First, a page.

Morrisons 'vicariously liable' for data breach; What does the decision mean for employers?
The Court of Appeal has recently upheld a judgment finding that the supermarket chain Morrisons was vicariously liable for a data leak of payroll information by a rogue employee. The case concerned an employee of Morrisons, Mr Skelton, who was an Internal Auditor and who intentionally posted the personal details of more than 100,000 employees online. The disgruntled employee was eventually criminally convicted for his actions, and was subsequently jailed for eight years as a result. It is anticipated that more than 5500 employees may seek compensation following the decision, despite no employee actually suffering any financial loss as a result of the breach.
The decision means that Morrisons were found to be liable for the criminal behaviour of the employee and is facing the prospect of having to pay out possibly millions of pounds in compensation. In this case, Morrisons acted quickly in addressing the issue when it learned of the breach, but nevertheless they were found to be responsible.
It is not surprising that employers will be concerned by this decision. The case highlights a huge area of risk for businesses on the issue of vicarious liability for data breaches. It seems it is exceptionally difficult, if not impossible, for businesses to completely protect themselves in these circumstances; if a data breach occurs within an organisation, even at the hands of a malicious employee who is intentionally trying to cause damage, the business will remain ultimately responsible.
It is difficult to know what action Morrisons could have reasonably taken to prevent the breach; it seems from the decision that someone who is intent on causing harm will be free to do so. The message to be taken from the decision is that even if an organisation is the victim of criminal conduct, it retains ultimate responsibility for keeping personal data secure. As such, every practical effort should be made to ensure the safety and security of personal data kept by a business, and every effort should be made to ensure that, as far as possible, a data breach cannot occur. This could include a variety of measures from training staff, to having appropriate policies in place and implementing sufficient safety and security measures to protect the data held by the business. Unfortunately, this case demonstrates that it is impossible for employers to guarantee protection from liability where there is a data breach. Morrisons has confirmed that it intends to appeal to the Supreme Court and we will await with interest any final decision on the matter. In the meantime, this highlights a very significant vulnerability for businesses and it is recommended that organisations take all reasonable steps to prevent data breaches and protect themselves from similar outcomes.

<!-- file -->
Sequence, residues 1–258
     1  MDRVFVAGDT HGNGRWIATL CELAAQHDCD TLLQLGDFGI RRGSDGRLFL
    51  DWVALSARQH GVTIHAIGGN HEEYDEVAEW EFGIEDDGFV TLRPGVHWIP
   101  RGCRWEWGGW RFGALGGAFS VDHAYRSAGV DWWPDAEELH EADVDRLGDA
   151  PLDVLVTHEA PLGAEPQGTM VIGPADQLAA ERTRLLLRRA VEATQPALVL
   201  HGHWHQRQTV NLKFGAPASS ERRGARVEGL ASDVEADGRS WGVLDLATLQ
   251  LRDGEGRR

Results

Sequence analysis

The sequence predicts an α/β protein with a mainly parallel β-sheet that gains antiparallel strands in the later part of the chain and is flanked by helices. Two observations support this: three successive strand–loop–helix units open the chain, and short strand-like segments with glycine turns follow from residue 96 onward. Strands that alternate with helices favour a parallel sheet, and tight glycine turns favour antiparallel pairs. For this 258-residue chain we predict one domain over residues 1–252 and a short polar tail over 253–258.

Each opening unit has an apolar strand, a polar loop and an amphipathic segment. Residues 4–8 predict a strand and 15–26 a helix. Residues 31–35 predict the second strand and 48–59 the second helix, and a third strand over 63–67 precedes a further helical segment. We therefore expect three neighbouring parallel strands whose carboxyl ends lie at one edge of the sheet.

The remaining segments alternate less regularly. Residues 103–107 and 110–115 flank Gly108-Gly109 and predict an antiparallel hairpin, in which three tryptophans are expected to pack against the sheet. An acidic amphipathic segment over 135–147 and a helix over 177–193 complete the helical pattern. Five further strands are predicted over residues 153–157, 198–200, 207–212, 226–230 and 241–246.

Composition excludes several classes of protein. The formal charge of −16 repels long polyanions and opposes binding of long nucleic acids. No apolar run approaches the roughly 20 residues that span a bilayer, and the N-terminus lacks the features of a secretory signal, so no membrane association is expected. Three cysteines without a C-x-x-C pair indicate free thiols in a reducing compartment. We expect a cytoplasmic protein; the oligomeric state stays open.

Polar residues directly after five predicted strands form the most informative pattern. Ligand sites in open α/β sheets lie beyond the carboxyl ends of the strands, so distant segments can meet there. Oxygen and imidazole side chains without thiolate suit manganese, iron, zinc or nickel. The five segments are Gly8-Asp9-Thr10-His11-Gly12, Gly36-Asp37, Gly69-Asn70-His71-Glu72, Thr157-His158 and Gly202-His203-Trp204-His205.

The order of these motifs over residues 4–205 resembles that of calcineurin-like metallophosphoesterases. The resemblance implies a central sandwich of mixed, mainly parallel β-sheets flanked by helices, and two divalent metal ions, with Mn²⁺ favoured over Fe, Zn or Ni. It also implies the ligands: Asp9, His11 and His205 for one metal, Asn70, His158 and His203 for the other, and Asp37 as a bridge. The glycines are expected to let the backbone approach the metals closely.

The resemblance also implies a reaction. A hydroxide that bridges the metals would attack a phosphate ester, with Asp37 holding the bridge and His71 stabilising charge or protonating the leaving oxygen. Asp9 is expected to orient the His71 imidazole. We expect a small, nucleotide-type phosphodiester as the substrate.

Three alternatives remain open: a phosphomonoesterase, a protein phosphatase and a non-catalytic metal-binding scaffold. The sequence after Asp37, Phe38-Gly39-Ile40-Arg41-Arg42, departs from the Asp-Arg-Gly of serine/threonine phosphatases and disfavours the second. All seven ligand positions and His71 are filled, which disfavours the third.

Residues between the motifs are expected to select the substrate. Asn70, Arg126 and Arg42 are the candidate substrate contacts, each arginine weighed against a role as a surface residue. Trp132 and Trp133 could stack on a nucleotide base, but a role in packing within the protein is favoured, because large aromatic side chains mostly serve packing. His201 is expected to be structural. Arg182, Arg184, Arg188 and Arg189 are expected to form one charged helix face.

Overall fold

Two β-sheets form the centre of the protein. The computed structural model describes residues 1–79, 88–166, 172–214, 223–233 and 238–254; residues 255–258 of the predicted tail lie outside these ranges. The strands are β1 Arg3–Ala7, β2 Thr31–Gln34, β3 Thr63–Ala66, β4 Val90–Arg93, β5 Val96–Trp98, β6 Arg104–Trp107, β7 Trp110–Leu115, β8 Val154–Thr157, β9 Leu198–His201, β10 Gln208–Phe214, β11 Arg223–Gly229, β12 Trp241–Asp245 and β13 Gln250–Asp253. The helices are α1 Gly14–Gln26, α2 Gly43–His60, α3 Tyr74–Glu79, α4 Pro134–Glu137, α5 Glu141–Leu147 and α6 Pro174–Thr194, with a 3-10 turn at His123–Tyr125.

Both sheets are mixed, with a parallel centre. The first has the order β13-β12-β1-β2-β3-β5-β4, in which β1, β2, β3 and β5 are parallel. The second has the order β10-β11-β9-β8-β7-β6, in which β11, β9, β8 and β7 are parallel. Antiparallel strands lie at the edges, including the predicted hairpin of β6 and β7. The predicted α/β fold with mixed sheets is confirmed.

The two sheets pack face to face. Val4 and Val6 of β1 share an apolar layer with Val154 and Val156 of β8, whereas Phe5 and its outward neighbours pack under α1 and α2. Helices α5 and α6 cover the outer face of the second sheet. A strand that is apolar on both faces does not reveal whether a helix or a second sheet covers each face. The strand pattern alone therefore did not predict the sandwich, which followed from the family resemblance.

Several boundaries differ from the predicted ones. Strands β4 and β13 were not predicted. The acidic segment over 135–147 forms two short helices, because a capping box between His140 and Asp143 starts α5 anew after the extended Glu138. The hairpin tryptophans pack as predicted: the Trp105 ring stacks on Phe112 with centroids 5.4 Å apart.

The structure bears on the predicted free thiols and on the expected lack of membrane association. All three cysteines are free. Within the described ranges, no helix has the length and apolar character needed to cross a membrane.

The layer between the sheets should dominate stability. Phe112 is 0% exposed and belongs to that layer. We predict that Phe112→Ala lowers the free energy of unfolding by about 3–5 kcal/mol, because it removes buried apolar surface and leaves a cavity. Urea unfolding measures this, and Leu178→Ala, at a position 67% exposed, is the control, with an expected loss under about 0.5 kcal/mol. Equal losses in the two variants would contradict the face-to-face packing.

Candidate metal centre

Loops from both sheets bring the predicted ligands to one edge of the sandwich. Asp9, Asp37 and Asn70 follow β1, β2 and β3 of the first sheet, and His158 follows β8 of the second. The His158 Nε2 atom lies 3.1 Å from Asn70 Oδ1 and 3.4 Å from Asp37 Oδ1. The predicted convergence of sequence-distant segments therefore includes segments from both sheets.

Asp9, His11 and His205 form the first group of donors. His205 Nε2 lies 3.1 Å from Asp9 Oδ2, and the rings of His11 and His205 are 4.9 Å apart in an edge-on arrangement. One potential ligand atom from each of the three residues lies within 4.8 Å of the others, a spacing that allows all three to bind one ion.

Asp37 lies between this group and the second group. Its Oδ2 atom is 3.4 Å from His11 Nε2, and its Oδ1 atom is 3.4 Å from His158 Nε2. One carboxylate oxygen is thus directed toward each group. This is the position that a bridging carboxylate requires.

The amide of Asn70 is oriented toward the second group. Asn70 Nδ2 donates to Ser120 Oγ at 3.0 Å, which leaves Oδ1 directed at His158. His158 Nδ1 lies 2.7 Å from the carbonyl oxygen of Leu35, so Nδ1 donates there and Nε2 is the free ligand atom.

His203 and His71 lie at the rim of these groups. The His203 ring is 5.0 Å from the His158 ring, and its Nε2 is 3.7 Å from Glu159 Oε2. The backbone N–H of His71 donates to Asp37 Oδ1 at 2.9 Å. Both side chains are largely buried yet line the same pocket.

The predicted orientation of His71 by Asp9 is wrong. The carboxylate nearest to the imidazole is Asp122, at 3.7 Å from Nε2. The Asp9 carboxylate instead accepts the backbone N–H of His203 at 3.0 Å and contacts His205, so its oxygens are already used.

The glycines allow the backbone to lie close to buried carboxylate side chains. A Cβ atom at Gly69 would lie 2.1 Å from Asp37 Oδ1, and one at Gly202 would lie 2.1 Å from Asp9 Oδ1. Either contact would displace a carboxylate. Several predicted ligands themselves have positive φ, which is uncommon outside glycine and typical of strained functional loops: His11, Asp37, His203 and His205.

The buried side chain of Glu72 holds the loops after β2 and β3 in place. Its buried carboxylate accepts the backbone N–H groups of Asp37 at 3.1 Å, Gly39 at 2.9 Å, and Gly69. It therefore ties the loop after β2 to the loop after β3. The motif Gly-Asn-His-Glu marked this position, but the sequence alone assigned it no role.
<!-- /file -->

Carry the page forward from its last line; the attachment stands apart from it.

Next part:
If you require advice on any of the issues above or any other area of Employment Law, please do not hesitate to contact a member of the Chattertons’ Employment Team.